RISE OF AN EMPIRE Is 'More of the Same' & 'Less of the Same' Simultaneously
Mar 17, 2014
Sometimes the best that can honestly be said about a motion picture is that it knew precisely what it wanted to deliver and, in the final sum, it did so. 300: RISE OF AN EMPIRE falls into that category, and that’s what I find a bit of a shame about it: rather than take the time to experience it, I suspect regular folks will dismiss it as yet one more fanboy flick not worth their attention.
In their defense, I’ll admit that RISE doesn’t have the kind of compelling central performances that brought so much attention to its predecessor. While largely remembered for creating a visual palate rarely seen on the silver screen before, that film had at its heart a tough, emotional performance by relative newcomer Gerard Butler as well as a plethora of supporting Spartan counterparts (Dominic West, Michael Fassbender, David Wenham, etc.) who scored terrific mileage out of so many smaller scenes. By contrast, RISE is largely Spartan-lite – in the film’s chronology, much of the events depicted here take place whilst Leonidas and the other 299 soldiers are making their fatal, futile stand – and it isn’t until the film’s big finish that those who remain from Xerxes’ assault on their tiny nation show up to help decimate the Persian navy.
What RISE does offer up by way of performances is a less vocal more contained example of leadership: Themistocles (played by Sullivan Stapleton from the Cinemax/BBC co-production series STRIKE BACK) commands his tiny fleet of ships and, in the process, delivers several small defeats to the Persians. His speeches don’t have the testosterone-heavy bluster demanded of Leonidas’s bloodline, and those who serve under him aren’t the warriors trained since birth the nation of Sparta maintained. Different strokes for different folks.
Still, Sullivan is given a vastly more charismatic foe to wage war against: Artemisia (the always luscious Eva Green) is more than Themistocles equal in cunning and even carnally as she tries to seduce to man with not only riches but also her own athletic body. (It’s probably the scene RISE will most be remembered for as time passes.) As the leader of the Persian navy, she demands obedience of those who serve at her privilege, and she even demonstrates a willingness to mouth off to the Persian king if she thinks he deserves it.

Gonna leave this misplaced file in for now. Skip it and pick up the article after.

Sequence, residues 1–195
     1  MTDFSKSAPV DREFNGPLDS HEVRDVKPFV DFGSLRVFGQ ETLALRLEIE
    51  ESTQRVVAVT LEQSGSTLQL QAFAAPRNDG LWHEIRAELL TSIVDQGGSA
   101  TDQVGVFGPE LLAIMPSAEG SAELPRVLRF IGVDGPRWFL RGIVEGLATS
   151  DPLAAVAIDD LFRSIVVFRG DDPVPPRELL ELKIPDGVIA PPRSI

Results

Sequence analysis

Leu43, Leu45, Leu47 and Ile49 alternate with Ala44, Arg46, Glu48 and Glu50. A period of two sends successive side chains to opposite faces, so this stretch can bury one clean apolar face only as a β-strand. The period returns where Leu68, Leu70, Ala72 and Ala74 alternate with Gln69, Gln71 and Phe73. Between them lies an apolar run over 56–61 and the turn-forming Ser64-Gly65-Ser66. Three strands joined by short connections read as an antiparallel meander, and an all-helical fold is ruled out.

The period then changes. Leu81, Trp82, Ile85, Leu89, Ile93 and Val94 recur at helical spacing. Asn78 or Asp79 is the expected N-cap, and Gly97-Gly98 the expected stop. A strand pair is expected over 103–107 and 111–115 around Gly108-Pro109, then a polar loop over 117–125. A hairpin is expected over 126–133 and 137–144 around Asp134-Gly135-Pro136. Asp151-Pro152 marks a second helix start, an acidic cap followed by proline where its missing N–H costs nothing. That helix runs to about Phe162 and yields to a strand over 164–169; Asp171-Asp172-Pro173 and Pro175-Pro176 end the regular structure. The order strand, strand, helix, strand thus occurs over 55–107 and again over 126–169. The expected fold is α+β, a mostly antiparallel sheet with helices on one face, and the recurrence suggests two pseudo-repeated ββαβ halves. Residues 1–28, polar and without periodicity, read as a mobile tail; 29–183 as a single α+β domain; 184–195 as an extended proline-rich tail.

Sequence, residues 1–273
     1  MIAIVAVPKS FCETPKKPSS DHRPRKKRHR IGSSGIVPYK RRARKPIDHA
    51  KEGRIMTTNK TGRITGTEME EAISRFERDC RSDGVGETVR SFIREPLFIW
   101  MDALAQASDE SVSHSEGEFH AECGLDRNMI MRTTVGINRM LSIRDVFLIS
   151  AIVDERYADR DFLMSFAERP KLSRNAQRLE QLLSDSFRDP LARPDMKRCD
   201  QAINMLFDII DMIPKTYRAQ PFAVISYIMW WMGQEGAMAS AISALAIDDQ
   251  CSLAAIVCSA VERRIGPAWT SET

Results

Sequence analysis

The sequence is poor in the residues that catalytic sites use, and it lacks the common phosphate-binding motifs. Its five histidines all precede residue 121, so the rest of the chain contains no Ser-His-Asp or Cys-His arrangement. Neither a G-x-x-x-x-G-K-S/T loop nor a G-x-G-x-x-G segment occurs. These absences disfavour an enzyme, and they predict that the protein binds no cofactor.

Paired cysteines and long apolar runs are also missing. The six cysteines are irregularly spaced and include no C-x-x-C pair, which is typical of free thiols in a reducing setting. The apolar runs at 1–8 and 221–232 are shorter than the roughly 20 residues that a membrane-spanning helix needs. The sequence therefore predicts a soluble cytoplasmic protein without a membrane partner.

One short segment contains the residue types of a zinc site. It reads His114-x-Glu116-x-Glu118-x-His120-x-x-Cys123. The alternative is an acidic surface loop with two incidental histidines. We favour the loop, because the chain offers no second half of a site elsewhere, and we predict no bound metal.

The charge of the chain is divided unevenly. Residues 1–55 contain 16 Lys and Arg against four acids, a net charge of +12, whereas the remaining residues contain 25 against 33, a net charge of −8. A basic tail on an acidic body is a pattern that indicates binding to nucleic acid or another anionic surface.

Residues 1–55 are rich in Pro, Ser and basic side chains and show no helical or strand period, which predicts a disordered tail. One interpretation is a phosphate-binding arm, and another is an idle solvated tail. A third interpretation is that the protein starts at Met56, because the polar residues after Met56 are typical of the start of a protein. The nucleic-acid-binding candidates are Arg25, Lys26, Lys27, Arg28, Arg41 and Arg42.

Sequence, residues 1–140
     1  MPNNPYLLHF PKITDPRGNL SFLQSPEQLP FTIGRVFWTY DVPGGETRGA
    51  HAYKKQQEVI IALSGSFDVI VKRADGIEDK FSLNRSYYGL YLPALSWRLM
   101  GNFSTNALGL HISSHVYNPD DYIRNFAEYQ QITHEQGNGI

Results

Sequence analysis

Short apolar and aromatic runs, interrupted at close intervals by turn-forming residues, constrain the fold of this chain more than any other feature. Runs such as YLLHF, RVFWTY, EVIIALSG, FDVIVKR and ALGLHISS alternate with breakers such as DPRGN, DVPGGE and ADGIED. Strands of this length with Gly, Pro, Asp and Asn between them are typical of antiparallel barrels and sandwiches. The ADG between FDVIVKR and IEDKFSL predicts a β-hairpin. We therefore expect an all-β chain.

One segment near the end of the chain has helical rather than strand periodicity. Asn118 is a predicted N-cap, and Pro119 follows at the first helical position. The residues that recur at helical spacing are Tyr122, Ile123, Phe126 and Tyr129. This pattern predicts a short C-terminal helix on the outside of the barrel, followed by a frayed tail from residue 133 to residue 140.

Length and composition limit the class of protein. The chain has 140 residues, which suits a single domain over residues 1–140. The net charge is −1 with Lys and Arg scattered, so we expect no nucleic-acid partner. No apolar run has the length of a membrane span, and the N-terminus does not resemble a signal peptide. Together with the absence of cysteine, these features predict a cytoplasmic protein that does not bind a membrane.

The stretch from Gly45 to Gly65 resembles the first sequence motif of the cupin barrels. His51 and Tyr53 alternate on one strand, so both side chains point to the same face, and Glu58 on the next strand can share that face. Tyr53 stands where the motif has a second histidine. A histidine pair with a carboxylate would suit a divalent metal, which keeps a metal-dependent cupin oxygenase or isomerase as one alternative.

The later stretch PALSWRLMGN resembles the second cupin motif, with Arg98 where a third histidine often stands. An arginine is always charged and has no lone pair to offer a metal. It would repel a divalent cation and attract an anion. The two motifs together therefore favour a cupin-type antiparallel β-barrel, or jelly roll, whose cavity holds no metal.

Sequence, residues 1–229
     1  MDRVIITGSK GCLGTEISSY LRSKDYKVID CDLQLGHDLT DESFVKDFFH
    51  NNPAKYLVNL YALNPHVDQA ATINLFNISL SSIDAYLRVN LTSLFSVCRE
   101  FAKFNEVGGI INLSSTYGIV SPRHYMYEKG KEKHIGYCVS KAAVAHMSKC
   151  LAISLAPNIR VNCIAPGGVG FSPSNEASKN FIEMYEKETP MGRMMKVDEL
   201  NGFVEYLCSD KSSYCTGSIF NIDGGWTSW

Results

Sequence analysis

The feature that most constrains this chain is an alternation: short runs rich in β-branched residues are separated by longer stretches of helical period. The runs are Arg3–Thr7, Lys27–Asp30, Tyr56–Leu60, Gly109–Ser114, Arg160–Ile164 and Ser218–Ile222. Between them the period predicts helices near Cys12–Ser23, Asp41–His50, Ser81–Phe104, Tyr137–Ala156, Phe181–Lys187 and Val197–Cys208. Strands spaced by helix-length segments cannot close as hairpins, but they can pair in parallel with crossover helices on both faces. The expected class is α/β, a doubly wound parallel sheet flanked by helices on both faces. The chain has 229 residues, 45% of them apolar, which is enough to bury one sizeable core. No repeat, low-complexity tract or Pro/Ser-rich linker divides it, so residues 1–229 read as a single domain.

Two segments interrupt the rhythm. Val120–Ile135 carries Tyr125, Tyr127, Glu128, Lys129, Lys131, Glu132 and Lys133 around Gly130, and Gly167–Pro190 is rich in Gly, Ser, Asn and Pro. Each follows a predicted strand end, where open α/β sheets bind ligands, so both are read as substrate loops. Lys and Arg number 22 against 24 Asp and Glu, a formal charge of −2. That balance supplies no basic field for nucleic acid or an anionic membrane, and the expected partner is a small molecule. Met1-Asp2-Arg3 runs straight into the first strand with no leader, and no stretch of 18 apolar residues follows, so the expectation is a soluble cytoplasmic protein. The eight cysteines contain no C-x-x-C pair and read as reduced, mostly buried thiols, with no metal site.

Like the original, RISE dishes up a wealth of spectacle, trying to surpass the original’s lush inventiveness by going for scope in probably too many scenes. There’s something to be said for humility, and, where 300 placed a long of its cinematic faith in vignettes where a few good men boasted to one another about their preparedness to die for the cause, RISE seemed all-too-often committed to bloating the motion picture with visual excess. In many regards, it’s a complaint many critics voiced regarding George Lucas’s obvious preoccupation with making each of his STAR WARS prequels bigger, bigger, and bigger … when all everyone really wanted to know was what went wrong between two men (Obi-Wan Kenobi and Anakin Skywalker). RISE could’ve benefitted from taking a few greater pauses to smell the roses instead of rushing headlong into the next big action sequence.
When all is said and done, I think the audience that truly enjoys RISE will mostly be made up of those who truly loved 300; the film is best served as a companion piece to that film, and, frankly, it doesn’t stand so well on its own as it does a derivative of its ancestor. That’s not a bad place to be; it’s just that it could’ve been a better one.
RECOMMENDED. 300: RISE OF AN EMPIRE is curiously ‘more of the same’ as it is ‘less of the same’ at the same time. Visually epic, but methinks it could’ve used a bit more calm in between its storms in order to have produced greater effect.